The Axis invasion of Yugoslavia in April 1941 carved the country into a patchwork of different occupied territories. In summer 1941, there was a popular uprising against the fascist Croatian Ustaše regime in the Italian zone of the newly created Independent State of Croatia. Italian forces occupied the region to stop the uprising, and conditions became relatively stable in the southern and western parts of the country. The Ustaše were unable to control the territory they claimed, and Italian forces effectively struck a non-aggression pact with nationalist Serb guerilla forces in Croatia. There were also partisan forces led by the Communist Party of Yugoslavia who were fighting the Italian forces and the Serb forces.1
In parts of occupied Yugoslavia under Italian control, Jews were relatively safe. Italian authorities routinely refused the demands by Ante Pavelić (the leader of the Independent state of Croatia) and his German patrons to place Jews in Italian-occupied areas under German or Ustaše control.2 In November 1942, Italian authorities decided to concentrate Jews from the Italian-occupied "Zone II" of the Independent State of Croatia into four major centers. These included Dubrovnik, Kraljevica, Brač, and Hvar, along with several sub-camps. In December 1942, Italian military sources put the total number of Jewish internees in these camps at 2,661.
The featured letter was sent to the leadership of the Jewish community in Zagreb in January 1943 by Jewish internees of the Kupari camp near Dubrovnik on the Dalmatian coast. The internees were a wide variety of Jewish groups and individuals who all ended up in the territory controlled by Italian forces. For example, there were German-speaking Jews who had mostly fled from Austria and Czechoslovakia when Nazi Germany annexed their homelands in 1938. They made up the so-called "Čapljina group," named after the town in Herzegovina where they had previously been held. There were also Yugoslav Jews who came from different regions throughout Yugoslavia. Many Yugoslav Jews—like the so-called "emigrant group Samobor"—had fled to the Italian zone from the German sphere of the country.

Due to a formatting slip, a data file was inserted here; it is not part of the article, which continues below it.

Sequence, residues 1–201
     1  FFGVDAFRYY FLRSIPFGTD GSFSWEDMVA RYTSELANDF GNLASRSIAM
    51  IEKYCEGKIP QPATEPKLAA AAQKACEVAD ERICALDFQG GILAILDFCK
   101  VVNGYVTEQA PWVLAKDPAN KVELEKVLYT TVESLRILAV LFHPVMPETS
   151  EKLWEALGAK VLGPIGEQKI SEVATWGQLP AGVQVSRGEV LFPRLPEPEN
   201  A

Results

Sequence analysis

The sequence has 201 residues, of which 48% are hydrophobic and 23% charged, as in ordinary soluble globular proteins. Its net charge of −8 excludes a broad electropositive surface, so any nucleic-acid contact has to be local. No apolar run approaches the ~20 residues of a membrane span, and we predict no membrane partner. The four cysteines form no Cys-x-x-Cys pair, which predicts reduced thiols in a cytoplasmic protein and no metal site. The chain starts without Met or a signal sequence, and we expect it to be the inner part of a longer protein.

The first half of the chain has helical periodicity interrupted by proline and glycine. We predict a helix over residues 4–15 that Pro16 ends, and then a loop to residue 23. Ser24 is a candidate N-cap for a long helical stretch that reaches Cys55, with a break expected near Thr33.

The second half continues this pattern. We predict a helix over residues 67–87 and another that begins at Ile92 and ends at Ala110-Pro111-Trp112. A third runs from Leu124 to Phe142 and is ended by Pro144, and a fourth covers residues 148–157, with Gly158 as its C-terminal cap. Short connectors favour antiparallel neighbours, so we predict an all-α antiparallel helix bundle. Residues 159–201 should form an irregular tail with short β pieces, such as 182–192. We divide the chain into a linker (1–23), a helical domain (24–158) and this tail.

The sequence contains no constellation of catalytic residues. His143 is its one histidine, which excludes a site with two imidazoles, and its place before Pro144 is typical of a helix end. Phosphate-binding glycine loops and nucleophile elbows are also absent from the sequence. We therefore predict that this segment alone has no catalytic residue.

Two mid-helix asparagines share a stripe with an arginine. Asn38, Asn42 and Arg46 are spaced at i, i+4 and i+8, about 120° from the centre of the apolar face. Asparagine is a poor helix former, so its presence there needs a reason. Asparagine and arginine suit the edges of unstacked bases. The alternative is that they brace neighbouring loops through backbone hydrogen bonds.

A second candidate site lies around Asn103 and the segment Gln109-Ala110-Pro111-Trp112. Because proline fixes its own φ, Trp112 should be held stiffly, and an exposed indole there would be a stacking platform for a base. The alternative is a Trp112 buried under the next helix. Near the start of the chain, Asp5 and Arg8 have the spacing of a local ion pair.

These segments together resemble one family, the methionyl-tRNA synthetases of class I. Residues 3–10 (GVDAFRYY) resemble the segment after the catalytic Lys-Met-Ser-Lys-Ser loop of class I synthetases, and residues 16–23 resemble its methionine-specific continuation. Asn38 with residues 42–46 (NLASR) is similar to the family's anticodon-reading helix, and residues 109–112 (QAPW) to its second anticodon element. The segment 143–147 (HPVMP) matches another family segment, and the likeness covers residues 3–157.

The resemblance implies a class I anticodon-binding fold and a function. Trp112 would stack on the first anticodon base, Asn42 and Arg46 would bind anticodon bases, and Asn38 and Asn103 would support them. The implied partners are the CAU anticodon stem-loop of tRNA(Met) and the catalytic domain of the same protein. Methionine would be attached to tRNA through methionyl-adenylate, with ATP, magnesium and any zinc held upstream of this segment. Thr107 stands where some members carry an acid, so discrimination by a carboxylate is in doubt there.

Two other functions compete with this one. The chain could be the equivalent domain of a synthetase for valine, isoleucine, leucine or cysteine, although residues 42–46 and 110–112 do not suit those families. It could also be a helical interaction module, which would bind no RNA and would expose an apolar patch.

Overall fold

The letter also shows how different the experiences of Jews in different parts of occupied Yugoslavia had become. The Zagreb communal organization was the central Jewish organization in the Independent State of Croatia, and the letter seeks approval from the leadership of the Jewish community in Zagreb for a financial transaction. In Kupari and other camps in the Italian zone, Jews' were placed in "camps" that were sometimes hotels or other reasonable places. Jews were allowed to pool their savings, organize aid, and maintain their daily lives as best they could without the constant threat of deportation and death. But Jews living in Zagreb—in the German zone of the Independent State of Croatia—faced much more desperate conditions. The Jewish community in Zagreb was consumed with its own problems as more and more people were deported, and it struggled to provide humanitarian aid to those in need.
The featured letter contains a personal appeal for help addressed to Hugo Kon, who was the president of the Zagreb Jewish community. But Kon and the other Jews in the German-occupied zone of the Independent State of Croatia faced dire conditions. Just a few months after the letter was sent, Kon was deported to Auschwitz and murdered on arrival. Because Italian forces refused to deport Jews in the zone under their control, it is likely that most people in the camp at Kupari survived the war.